More than 98% of the human genome remains untranslated. Nearly half of these sequences are instead retrotransposable elements, mobile sequences that can ‘jump’ around the genome, leaving mutations and indels in their wake.
To keep these retrotransposable elements from creating havoc, gene silencing systems evolved to protect the human genome by suppressing their activation. But according to a growing number of studies, these systems can break down during the aging process causing many of these retrotransponsable elements to mobilize which may contribute to neurodegenerative disease (Maxwell et al., 2011; DeCecco et al., 2013; Muotri et al., 2010; Kaneko et al., 2011; Tan et al, 2012; Li et al., 2013).
Now, researchers at Stonybrook University School of Medicine in New York report that.the reactivation of at least one retrotransposable element contributes to a Drosophila model of TDP-43 ALS. The study, led by Joshua Dubnau, found that expression of human TDP-43 in neurons or glia, weakens the siRNA-based gene silencing machinery, leading to the expression of some retrotransposable elements. Silencing one of these elements in glia, the endogeneous retrovirus (ERV) gypsy, partially reduced the loss of cells in the brain about 25% suggesting its reactivation may contribute to neurotoxicity. Subsequent analysis indicated that gypsy may mediate this toxicity through a DNA damage-based mechanism.
Together, the results suggest that the siRNA silencing machinery may be impaired in ALS through a TDP-43-mediated mechanism. This may lead to the reactivation of some retrotransposable elements, which may result in DNA damage, contributing to neurotoxicity in the disease.
The study comes at the heels of results from Avindra Nath of the National Institute of Neurological Disorders and Stroke (NINDS) in Maryland which detected the expression of human ERV HERV-K in motor neurons of some patients with sporadic ALS (see October 2015 news; Douville et al., 2011;Li et al., 2015).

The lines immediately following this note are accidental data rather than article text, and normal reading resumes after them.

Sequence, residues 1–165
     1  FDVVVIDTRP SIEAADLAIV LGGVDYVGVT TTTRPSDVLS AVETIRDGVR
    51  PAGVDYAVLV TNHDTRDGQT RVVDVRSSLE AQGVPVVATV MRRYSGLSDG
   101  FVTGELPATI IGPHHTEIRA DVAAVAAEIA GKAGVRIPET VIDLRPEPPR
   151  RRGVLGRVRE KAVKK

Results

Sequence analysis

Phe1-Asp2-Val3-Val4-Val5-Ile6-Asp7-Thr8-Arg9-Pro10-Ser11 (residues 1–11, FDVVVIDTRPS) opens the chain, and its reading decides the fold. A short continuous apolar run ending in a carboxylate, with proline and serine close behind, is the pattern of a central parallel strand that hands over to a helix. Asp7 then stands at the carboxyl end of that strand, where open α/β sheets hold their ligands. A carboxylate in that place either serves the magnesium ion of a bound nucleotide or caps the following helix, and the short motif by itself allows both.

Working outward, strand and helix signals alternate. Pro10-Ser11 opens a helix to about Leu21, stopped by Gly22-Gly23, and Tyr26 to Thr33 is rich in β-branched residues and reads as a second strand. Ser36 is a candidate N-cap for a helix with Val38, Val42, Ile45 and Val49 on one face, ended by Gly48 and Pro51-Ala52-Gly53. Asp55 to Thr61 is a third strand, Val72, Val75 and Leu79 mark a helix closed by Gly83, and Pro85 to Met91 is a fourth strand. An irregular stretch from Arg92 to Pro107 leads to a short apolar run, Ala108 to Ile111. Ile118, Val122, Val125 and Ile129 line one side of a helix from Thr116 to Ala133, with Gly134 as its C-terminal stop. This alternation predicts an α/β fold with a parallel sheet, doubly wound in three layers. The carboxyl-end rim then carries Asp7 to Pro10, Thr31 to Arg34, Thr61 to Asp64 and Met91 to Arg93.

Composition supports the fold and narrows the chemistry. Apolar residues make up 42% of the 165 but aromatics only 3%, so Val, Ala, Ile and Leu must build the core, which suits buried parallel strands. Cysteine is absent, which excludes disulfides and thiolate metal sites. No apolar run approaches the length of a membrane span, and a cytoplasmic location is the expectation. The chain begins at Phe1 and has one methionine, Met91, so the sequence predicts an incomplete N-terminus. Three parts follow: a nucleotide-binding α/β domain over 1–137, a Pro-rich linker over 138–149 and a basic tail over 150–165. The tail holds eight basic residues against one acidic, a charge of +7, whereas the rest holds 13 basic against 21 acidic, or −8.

The study is published on March 16 in PLOS Genetics.
In 2015, Avindra Nath’s team reported that HERV-K may become reactivated in some people with ALS (Li et al., 2015). These retroviral sequences, known as HERVs, are thought to have integrated into the genome millions of years ago due to infection and for the most part lost their ability to mobilize due to mutation (Lander et al., 2001).
The study found in part, that HERV-K could be detected in the brain and the anterior horn of the spinal cord in some patients with sporadic ALS – some of the same regions affected by the disease. Subsequent analysis indicated that the expression of one of its viral proteins, HERV-K ENV, which encodes its envelope, resulted in motor dysfunction in mice. The results suggest that the reactivation of this retrovirus may contribute to the motor neuron pathology in the disease.
The findings build on previous observations from multiple research investigators that circulating levels of reverse transcriptase in the blood are increased in some patients with ALS and their relatives, suggesting retroviruses buried in the genome might contribute to the disease (Steele et al., 2005; MacGowan et al., 2007; McCormick et al., 2008).
Now, researchers at GeNeuro in Switzerland are developing antibodies to neutralize the virus. The potential therapeutic strategy, which targets the envelope protein of HERV-K, is currently at the preclinical stage. The project is in collaboration with Nath’s team at NINDS. Stay tuned.
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